Green campaigners fear for wildlife after support for North Sea explorers
Michael McCarthy, formerly the Independent’s longstanding Environment Editor, now its Environment Columnist, is one of Britain’s leading writers on the environment and the natural world. He has won a string of awards for his work, including Environment Journalist of the Year (three times) and Specialist Writer of the Year in the British Press Awards in 2001. In 2007 he was awarded the Medal of the RSPB for “Outstanding Services to Conservation,” in 2010 he was awarded the Silver Medal of the Zoological Society of London, and in 2011 the Dilys Breeze Medal of the British Trust for Ornithology. In 2009 McCarthy published Say Goodbye To The Cuckoo (John Murray), a study of Britain’s declining migrant birds.
Thursday 22 March 2012
Environmental campaigners have sounded the alarm about a British version of the catastrophic 2010 Gulf of Mexico spill after a new, deep-water oil rush in the Atlantic was signalled in the Budget.
Mr Osborne announced there would be £3bn of support for drilling new "large and deep" fields in the waters west of Shetland, sometimes known as the Atlantic Frontier. It was the last area of the North Sea basin to be developed, he said. It is known that many of the leading oil companies are considering moving into the area.
Although there have been oilfields west of Shetland operating for nearly 20 years, such as BP's Foinaven, Schiehallion and Clair fields, these are at depths of between 460ft and 1,640ft.
Now the oil majors, led by BP, plan to drill at depths nearly three times greater. BP's proposed North Uist well, 80 miles off the Shetland coast, will be sunk this summer more than 4,200ft down.
The concern of green campaigners is that any spill from the wellhead at such a depth might be immensely difficult to control, as proved to be the case with BP's own Deepwater Horizon spill in the Gulf two years ago, which was also more than 4,000ft down.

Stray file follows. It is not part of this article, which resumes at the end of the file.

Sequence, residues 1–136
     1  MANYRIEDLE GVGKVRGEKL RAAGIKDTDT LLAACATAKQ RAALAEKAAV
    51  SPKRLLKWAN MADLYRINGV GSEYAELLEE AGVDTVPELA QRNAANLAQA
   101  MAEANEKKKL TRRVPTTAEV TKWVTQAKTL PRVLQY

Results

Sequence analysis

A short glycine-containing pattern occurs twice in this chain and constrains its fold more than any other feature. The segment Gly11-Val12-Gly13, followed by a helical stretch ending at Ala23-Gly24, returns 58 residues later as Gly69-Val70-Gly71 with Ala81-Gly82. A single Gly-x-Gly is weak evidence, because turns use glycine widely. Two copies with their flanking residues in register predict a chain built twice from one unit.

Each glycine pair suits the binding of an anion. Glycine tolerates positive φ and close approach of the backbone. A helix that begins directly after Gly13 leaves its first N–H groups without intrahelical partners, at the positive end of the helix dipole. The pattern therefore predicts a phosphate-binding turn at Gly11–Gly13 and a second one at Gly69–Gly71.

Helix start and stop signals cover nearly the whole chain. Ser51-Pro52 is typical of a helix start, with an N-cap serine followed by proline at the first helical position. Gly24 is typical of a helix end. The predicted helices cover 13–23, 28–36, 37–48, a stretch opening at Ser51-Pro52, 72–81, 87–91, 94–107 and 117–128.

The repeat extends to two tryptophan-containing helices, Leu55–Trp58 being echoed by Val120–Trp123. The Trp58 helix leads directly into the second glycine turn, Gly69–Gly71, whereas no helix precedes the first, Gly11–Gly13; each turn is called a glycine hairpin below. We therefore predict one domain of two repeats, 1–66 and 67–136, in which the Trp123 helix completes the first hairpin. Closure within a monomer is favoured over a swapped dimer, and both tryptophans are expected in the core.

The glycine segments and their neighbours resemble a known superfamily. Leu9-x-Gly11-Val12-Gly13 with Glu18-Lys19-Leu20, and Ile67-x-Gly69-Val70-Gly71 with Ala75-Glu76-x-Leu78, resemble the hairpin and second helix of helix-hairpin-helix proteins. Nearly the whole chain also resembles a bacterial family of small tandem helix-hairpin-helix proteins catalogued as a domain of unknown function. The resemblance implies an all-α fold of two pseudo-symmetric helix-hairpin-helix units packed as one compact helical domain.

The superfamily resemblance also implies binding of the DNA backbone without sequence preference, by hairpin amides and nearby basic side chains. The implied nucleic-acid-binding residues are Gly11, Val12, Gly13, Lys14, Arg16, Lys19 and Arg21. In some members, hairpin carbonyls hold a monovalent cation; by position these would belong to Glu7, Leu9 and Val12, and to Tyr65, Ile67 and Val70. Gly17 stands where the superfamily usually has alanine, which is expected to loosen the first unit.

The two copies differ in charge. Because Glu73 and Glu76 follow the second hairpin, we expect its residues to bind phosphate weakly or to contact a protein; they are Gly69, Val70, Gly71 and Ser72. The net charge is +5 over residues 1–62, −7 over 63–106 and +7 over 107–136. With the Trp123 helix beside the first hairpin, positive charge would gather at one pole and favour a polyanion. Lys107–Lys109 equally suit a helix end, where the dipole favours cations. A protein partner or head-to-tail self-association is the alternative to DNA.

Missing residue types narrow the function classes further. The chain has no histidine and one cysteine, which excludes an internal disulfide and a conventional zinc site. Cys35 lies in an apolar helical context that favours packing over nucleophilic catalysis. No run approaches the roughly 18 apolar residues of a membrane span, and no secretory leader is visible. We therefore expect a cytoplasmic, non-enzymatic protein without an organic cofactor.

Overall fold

Deepwater Horizon gushed up to 62,000 barrels of oil for 88 days in an incident which sparked a social, economic and environmental calamity in the US and brought the giant multinational to the brink of collapse.
Concern is heightened by the fact that the waters around the Shetlands are among the most wildlife-rich in the British Isles.
"George Osborne has opened the floodgates to a new Klondike in the deep waters off Shetland without learning any of the lessons of the dangers this poses after the disaster in the Gulf of Mexico," said Charlie Kronick, senior energy advisor for Greenpeace. "Any oil spill in the west of Scotland would wreak untold devastation on some of the UK's most fragile habitat and the local economy."
WWF Scotland's head of policy, Dr Dan Barlow, said: "New deepwater drilling west of Shetland is just not worth the risk because we should be phasing out our use of oil, not chasing evermore difficult sources.
"The Shell spill from Gannet Alpha [in the North Sea] last year showed that even in easy waters, a long-experienced operator can make a total mess of dealing with an oil leak. Any significant oil spill in this area could present a major threat to fishing, tourism and wildlife."
He criticised the Government for handing subsidies to the "climate-wrecking" oil and gas industry, starving clean energy alternatives of much needed government investment.
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